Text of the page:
Invesco and Eaton Vance last week launched an exchange-traded fund and an actively managed bond fund, respectively, designed to track the performance of taxable Build America Bonds-a potentially transformative product that has helped galvanize public finance in 2009.
Invesco's PowerShares Build America Bond ETF kicked off trading on the NYSE Arca exchange. Like any ETF, this one seeks to mimic the performance of an index, in this case the Merrill Lynch Build America Bond Index.
The index, provided by Bank of America Merrill Lynch, shows total returns on most of the $52.16 billion of the Build America Bonds (BABs) that have been issued since late April would have earned investors 4.4%
Created through the American Recovery and Reinvestment Act this year, the BAB program allows issuers to forgo the traditional tax exemption on their debt and instead sell taxable bonds and receive a subsidy from the Treasury equal to 35% of the interest costs.
By tapping new classes of tax-deferred or tax-advantaged buyers such as pension funds, many issuers have found it is more cost-effective to sell BABs than tax-exempt bonds, especially for longer-term debt.
This is at least the 19th municipal bond exchange-traded fund, and Invesco's fifth.
Commenting on the appeal of Eaton Vance's offering, the Eaton Vance Build America Fund, to investors, Cynthia Clemson, co-director of municipal investments at Eaton Vance and co-manager of the fund, said, "What's compelling about Build America Bonds is their potential for corporate bond-like income combined with the higher credit quality profile of municipal bonds."
Investors can also take heart in knowing they are helping municipalities rebuild critical infrastructure at a lower cost than traditional municipal finance, noted Payson Swaffied, chief income investment officer at Eaton Vance. "Build America Bonds represent a win for municipalities [as they] are being used to fund the building and repair of our nation's bridges, highways, transit systems, schools and other infrastructure."
Clemson said Eaton Vance has seen BABs become a bigger portion of the muni market, adding, "We expect the fund to grow as we've gotten a lot of interest."
Bond ETFs try to replicate the performance of a target index by investing in a sample of bonds that are similar to the much-bigger population of bonds in the index. For instance, the Invesco Powershares BAB ETF launched with $5 million in seed money from its specialist, Kellogg Group. The fund invested that $5 million in 25 BAB issues. The 25-bond portfolio is intended to mirror the day-to-day movements in the BofA Merrill index, which tracks 1,797 BABs with $42.96 billion in face value.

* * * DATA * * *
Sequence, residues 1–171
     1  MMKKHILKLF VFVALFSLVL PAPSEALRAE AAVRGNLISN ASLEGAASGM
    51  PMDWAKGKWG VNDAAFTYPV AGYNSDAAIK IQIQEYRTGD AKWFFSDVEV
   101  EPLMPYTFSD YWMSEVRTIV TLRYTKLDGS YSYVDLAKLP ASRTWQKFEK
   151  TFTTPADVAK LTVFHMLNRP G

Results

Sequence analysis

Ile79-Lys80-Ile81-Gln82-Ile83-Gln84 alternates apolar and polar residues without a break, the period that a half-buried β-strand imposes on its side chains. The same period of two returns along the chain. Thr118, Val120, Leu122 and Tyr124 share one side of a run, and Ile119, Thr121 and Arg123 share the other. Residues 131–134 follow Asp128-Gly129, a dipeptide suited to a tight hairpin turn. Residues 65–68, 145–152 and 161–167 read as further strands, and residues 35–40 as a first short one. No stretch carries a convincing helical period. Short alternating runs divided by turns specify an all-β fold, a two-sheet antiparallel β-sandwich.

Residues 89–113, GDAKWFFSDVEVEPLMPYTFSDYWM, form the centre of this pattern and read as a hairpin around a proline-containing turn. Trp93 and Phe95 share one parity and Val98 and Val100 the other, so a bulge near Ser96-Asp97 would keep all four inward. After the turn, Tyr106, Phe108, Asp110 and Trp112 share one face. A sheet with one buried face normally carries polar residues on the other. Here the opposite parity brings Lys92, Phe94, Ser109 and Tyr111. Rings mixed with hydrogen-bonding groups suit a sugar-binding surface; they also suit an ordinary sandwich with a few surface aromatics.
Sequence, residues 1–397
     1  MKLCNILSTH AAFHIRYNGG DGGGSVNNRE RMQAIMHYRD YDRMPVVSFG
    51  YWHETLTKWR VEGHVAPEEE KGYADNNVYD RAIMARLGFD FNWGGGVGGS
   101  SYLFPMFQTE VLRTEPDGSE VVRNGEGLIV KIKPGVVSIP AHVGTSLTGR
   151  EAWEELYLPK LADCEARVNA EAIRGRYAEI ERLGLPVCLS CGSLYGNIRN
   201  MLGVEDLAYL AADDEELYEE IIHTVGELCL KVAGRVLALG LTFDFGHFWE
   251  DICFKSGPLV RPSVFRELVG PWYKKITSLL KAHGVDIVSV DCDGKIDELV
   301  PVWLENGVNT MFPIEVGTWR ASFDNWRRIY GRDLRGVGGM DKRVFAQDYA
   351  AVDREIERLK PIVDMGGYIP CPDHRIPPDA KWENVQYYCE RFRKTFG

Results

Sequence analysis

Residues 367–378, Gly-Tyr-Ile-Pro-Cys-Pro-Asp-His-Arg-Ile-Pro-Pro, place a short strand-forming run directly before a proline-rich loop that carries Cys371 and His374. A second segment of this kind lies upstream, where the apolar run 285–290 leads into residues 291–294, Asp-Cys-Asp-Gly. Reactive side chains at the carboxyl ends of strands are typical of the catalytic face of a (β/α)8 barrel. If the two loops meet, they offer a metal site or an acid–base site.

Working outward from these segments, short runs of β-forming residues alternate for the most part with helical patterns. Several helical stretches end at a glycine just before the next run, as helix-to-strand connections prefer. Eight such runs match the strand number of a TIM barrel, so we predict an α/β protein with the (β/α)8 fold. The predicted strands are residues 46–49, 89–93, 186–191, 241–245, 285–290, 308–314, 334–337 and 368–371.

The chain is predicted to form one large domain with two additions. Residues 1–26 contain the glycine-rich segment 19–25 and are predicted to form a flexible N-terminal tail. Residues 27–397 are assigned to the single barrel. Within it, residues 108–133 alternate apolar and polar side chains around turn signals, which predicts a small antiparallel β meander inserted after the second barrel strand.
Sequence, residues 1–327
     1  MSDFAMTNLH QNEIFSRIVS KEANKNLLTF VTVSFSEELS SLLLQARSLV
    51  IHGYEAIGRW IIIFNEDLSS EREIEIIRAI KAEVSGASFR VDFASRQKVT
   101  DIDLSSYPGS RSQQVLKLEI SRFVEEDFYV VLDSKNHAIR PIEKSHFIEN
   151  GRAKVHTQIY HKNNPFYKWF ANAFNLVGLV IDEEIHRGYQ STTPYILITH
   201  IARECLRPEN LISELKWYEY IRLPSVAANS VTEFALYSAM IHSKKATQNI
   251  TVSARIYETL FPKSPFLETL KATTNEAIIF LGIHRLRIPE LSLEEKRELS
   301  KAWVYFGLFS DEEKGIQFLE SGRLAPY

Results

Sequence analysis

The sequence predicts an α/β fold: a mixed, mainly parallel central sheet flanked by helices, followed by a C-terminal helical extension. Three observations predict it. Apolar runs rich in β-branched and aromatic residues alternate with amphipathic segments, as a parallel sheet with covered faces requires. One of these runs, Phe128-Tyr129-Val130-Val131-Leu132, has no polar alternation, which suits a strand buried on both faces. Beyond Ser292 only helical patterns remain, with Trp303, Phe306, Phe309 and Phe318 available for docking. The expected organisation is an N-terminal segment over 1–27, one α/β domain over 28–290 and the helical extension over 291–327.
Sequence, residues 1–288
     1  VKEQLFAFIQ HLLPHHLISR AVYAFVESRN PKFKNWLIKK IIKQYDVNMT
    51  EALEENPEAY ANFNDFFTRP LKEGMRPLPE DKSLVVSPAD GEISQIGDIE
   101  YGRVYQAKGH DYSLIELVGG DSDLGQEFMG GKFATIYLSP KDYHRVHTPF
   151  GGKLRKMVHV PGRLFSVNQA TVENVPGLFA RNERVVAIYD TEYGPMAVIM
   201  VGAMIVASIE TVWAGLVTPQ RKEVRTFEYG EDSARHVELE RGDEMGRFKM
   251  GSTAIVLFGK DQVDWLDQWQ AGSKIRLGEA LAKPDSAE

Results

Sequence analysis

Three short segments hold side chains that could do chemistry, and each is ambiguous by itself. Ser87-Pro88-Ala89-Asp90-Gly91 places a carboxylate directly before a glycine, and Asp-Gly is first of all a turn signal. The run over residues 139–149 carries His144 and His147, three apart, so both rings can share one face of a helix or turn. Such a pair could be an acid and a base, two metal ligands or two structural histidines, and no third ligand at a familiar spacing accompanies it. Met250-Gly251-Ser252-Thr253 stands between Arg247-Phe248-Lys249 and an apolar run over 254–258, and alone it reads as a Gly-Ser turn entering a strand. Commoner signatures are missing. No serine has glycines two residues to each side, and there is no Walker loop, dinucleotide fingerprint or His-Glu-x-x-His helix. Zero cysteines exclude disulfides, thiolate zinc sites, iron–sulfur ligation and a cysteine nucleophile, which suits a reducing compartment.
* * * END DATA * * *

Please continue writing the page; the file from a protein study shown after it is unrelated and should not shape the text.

ETFs with comparatively small portfolios track their bigger indexes using a process known as representative sampling. That entails stratifying the bonds in the index into categories such as maturity, coupon, duration and credit risk, and populating the ETF portfolio with the appropriate number of bonds from each strata. That way, fluctuations in the index will be reflected by fluctuations in the ETF.
Ben Fulton, executive vice president of global product development at Invesco, said the fund hopes to achieve a correlation of at least 98% with the target index. The ETF will be managed by a team headed by Phil Fang, who also manages the company's other muni ETFs.
Aside from the normal risks facing an ETF with a few million dollars trying to match an index following many billions, this fund faces a unique prospect-nobody knows whether the BAB program will exist in two years.
The legislation that created the BAB program is slated to expire at the end of 2010. Extension of the program, possibly at a lower subsidy rate, has been widely discussed. Still, the sunset provision creates the risk BABs will become an orphaned product on New Year's Day 2011.
The fund allows itself some flexibility to cope with this eventuality. Should the program expire, the fund can adjust to tracking a general taxable municipal index.
The municipal team at Powershares first tossed around the idea of a taxable municipal bond fund two years ago, Fulton said. The problem was there were not many taxable municipal bonds to choose from. "We'd been asking about a taxable fund, but there really wasn't enough depth in the market," Fulton said.
Municipalities sold $135.35 billion of taxable bonds in the five years ending in 2008, according to Thomson Reuters, or 7% of all municipal bonds. Last month, 37% of muni bonds floated were taxable, including most of the biggest deals.
The BAB program established the market depth Invesco needed to create a taxable muni ETF, Fulton said. Fulton said that while this product has garnered inquiries from institutional investors and pension funds, he believes the main appeal is to rich people with money saved in tax-deferred accounts.
Fulton acknowledges the fund got lucky; the ticker symbol "BAB" was available.
Practically nonexistent two years ago, the municipal ETF industry now manages $5.29 billion, according to the Investment Company Institute, and the sector's assets have more than doubled since January. Most muni ETFs hit their all-time highs during the municipal rally in late September and early October, and have since backed off.
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